Books by Barbara O

A-
The Lost Girls of Devon

From the time I was an infant, I've loved my maternal grandmother better than pretty much anyone else I can think of, so I knew I absolutely had to read the latest novel by Barbara O'Neal. The Lost Girls of Devon is about a woman who returns home to find her missing best friend, but even more import ...

A
When We Believed in Mermaids

In the fall of 2014, I fell in love with an utterly charming novel called The All You Can Dream Buffet. Since that time, author Barbara O'Neal has been on my radar, and while her books aren't auto buys for me, I almost always end up reading them eventually. Her latest novel, When We Believed in Merm ...

A-
Tell No One

Tell No One is the latest standalone novel by author Barbara Taylor Sissel. It's the first one of her books I've read, and I guarantee it won't be the last. It's been nearly thirty years since Caroline Corbett last laid eyes on her father. Hoff walked out on her and her mother when Caroline was a ...

C-
Whatever You Need

There’s a lot of either unsavory or ridiculous behavior bubbling under the surface of Whatever You Need’s seemingly romantic surface, and it ultimately drags the book down to the basement.  In the closing chapter of her Haney family duo, Barbara Longley gives us the story of a shy amateur comic ...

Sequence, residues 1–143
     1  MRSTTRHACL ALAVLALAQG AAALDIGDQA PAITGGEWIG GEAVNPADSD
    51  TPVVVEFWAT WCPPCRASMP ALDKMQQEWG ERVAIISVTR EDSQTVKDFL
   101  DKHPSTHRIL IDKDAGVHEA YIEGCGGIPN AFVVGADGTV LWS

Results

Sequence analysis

B
Firefighter's Doorstep Baby

America tends to dominate the romance market, so it was nice to see a story featuring Italian characters actually living in Italy. Despite a misleading title (there’s a firefighter and a baby, but no doorstep), Firefighter’s Doorstep Baby is a sweet story, if a bit of a slow one. Mariella Ho ...

C
In Bed with the Wrangler

In general, I found In Bed With the Wrangler to be a light, enjoyable read, and would have recommended it had it not been for a rather weak ending that seemed to serve primarily as a setup for a future book. Royce Ryder is hiding out in the bar at his sister’s wedding reception, b ...

C
His Convenient Virgin Bride

His Convenient Virgin Bride has snappy dialogue, a compelling setting, and sympathetic characters. It also has clumsy phrasing, underwritten subplots, and a dumbass leading couple. All of which plant us firmly in C-ville. Stephanie Ryder is a horse lady, which is absolutely appr ...

C+
Sunrise in a Garden of Love and Evil

I know some folks are a little burned out on vampires, but I still enjoy a good vampire book now and again and the cover blurb for Sunrise in a Garden of Love and Evil made me curious. It's part of Dorchester's Publisher's Pledge program, a program designed to promote books it considers particularl ...

B-
Seduction and the CEO

Sometimes I've read books that are a mishmash of parts, but Seduction and the CEO almost felt like two different books. The story got off to a solid start, but then just as I started to settle into the story, I hit the second half. From there, the cliches grew and the pacing faltered, leaving me w ...

C
The Ninth Daughter

The Colonial/Revolutionary Period seems to be enjoying a resurgence - in fiction, if not in romance. That's where I'm getting my fix these days. The Ninth Daughter is the first in a mystery series featuring Abigail Adams as a sleuth. It kind of seems like a bad idea, and it is. Granted, I am probab ...